His being a member of the Iglesia ni Cristo was a great help to all his churchmates during the Japanese occupation. As quoted by Meimban (1995) :

“The war was not without its pleasant times for the church, however. The problem of mobility of the ministers was resolved, partly, with the help of a pre-war converted Japanese national, Brother Yoshiaki Muto, Of Fukushima-ken, Japan. It is not easy to measure in words the critical role Played by Brother Muto. But the assistance he extended to the church, through his influence upon his countrymen can easily be described. He was responsible for the ministers’ passes that enabled them to pass through the Japanese sentries without being frisked or questioned by the guards. The passes, in Muto’s own calligraphy, bore the following words:“ Watashi-wa shenshi Kiokay no Cristo.” ( I am a teacher of the Church of Christ.)

Yoshiaki Muto as a Civilian Officer of the Japanese Imperial Army

Ka Muto served as an interpreter for General Masaharo Homma, as a judge in the Mesiec in Tondo, Manila wherein he was able to save many Filipinos’ lives from the atrocities brought about by his fellow Japanese. He was the person in the movie, “Camerino”, who released the Filipino prisoners of the Japanese Imperial Army in Cavite. He was the Japanese adviser to the Governor of Cavite during the time of Dominador Camerino.

In 1945, at the age of 54, Yoshiaki Muto went back to Japan. According to Victor Muto (2007) twelve years later, Ka Muto came back to the Philippines not because of his family but to be with the Iglesia ni Cristo. He even reiterated that he was not able to serve the church for twelve years.

Ka Muto at the age of 66

Ka Muto came back to the Philippines in 1957, but died five years later at the age of 71. He was given the honor to have his wake in the Iglesia ni Cristo chapel, a rare honor given to a church member.

  1. The history of Indang, specifically during the Japanese occupation, has yet to be studied further, for now, it has limited well-documented historical facts.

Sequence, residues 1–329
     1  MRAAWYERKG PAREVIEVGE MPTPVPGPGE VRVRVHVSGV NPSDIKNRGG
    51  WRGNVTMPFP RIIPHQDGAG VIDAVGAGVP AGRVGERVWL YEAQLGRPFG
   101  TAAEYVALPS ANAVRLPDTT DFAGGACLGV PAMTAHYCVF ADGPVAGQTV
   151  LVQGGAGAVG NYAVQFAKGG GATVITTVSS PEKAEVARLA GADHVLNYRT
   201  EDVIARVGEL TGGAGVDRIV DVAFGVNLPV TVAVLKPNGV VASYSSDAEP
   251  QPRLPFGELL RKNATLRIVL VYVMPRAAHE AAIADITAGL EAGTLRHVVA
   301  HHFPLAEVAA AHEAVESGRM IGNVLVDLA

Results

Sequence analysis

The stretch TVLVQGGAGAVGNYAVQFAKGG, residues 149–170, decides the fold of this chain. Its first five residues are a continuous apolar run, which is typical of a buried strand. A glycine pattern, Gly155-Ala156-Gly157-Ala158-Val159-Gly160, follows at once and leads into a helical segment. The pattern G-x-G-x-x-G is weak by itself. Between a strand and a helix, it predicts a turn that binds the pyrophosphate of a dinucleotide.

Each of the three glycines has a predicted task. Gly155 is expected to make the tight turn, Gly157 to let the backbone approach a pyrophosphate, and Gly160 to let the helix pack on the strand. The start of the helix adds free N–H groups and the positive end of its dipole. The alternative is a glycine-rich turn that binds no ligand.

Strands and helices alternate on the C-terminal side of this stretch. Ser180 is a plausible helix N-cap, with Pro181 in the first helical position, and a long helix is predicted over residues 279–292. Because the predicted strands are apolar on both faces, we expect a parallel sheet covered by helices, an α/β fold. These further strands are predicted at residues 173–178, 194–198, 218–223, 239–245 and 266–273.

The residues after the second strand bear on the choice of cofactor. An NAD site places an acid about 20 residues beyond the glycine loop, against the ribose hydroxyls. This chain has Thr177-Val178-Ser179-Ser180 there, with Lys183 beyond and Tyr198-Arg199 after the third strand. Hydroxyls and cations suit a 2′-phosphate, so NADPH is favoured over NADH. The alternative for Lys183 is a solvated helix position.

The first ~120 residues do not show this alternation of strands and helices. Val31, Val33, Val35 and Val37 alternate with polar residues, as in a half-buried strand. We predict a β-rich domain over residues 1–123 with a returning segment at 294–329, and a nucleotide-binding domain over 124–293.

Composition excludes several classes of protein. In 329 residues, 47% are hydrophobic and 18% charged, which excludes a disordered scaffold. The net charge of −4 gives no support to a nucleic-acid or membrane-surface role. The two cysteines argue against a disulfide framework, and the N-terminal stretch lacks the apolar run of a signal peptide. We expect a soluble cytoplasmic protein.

2. A need to conduct further studies on Yoshiaki Muto’s coming to Indang, Cavite is felt to answer the question: “ Did Muto come here by accident, by choice, or by order of the Japanese Imperial Army?”
  3. A further study is needed in response to the urgent call for the unsung stories of Indang, Cavite during the Japanese Period.
  4. Many leading characters who played important roles during the Japanese occupation are continuously making their exit from life, hence, a study should be conducted the soonest time.
  5. There are many fallacies about Ka Muto in Indang, Cavite . He was always mistaken to be the Colonel, but it was his eldest son, Col. Juanito de Borja who was once an officer of the Philippine Constabulary.

Additional Photo:

The researcher and Mr. Victor Muto during the interview


De Ocampo, Esteban A. and Alfredo Saulo. ( 1985). History of Cavite: The Mother Ground of the Philippine Revolution, Independence, Flag, and National Anthem. Trece Martirez City: Provincial Government of Cavite.

Medina, Isagani R. ( 1994). Cavite Before the Revolution ( 1571- 1896). UP Diliman: CSSP Publications.

Obar, Meimban A. ( 1995). The Iglesia ni Cristo: The History of the Church Founded by Christ. Quezon City: Iglesia ni Cristo ( unpublished material)

Panganiban, Natalia d. and Silverio Baltasar. ( 1999). Indang and her Revolutionary Heroes. Quezon City: Indang Municipal Historical Committee.

Muto, Victor. “ The Life of Ka Muto”, (October 2007).

Guevarra, Camilo Jr. “ The People of Indang and Ka Muto”. ( July 2007).

Erni, Pablo V. “ Japanese Occupation” ( August 2007).

Papa, Antonio G. “ Ka Muto as an Iglesia ni Cristo”. ( July 2007).

Taal, Luisa M. “ Life in Kayquit during the Japanese Occupation. ( August 2007).

Romen, Ceferino. “ Life in Kaytambog”. ( August 2007)